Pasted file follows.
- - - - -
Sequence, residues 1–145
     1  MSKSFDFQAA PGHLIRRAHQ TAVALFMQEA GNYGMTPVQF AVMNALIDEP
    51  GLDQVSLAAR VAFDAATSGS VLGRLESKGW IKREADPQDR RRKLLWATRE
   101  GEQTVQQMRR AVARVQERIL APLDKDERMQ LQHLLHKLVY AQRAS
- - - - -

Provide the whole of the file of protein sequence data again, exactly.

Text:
Sequence, residues 1–145
     1  MSKSFDFQAA PGHLIRRAHQ TAVALFMQEA GNYGMTPVQF AVMNALIDEP
    51  GLDQVSLAAR VAFDAATSGS VLGRLESKGW IKREADPQDR RRKLLWATRE
   101  GEQTVQQMRR AVARVQERIL APLDKDERMQ LQHLLHKLVY AQRAS